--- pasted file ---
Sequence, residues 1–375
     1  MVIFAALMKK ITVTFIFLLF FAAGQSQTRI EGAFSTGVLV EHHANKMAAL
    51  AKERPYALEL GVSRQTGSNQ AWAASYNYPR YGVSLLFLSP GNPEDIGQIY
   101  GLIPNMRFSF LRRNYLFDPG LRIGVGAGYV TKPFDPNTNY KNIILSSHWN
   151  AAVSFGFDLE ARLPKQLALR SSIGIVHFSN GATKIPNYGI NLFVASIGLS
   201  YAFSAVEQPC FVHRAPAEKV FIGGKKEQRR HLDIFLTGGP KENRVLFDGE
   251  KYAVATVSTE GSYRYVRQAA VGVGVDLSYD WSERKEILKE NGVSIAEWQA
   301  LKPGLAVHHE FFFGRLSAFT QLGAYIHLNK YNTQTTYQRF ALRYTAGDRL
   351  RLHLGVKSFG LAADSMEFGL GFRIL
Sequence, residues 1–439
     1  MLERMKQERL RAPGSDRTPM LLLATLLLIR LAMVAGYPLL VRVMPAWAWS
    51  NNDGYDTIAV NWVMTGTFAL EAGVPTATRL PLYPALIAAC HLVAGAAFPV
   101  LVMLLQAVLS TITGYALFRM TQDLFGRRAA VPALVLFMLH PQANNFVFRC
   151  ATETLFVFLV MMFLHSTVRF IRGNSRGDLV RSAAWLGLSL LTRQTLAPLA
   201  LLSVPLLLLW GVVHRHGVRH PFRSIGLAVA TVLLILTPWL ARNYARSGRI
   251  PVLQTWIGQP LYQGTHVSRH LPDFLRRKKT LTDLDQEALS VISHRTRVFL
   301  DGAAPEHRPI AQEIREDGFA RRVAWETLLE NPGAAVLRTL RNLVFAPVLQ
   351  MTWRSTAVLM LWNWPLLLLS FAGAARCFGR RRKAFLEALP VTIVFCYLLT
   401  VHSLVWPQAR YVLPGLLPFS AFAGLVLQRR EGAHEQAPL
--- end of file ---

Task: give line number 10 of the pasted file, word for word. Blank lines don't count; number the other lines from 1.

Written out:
Sequence, residues 1–439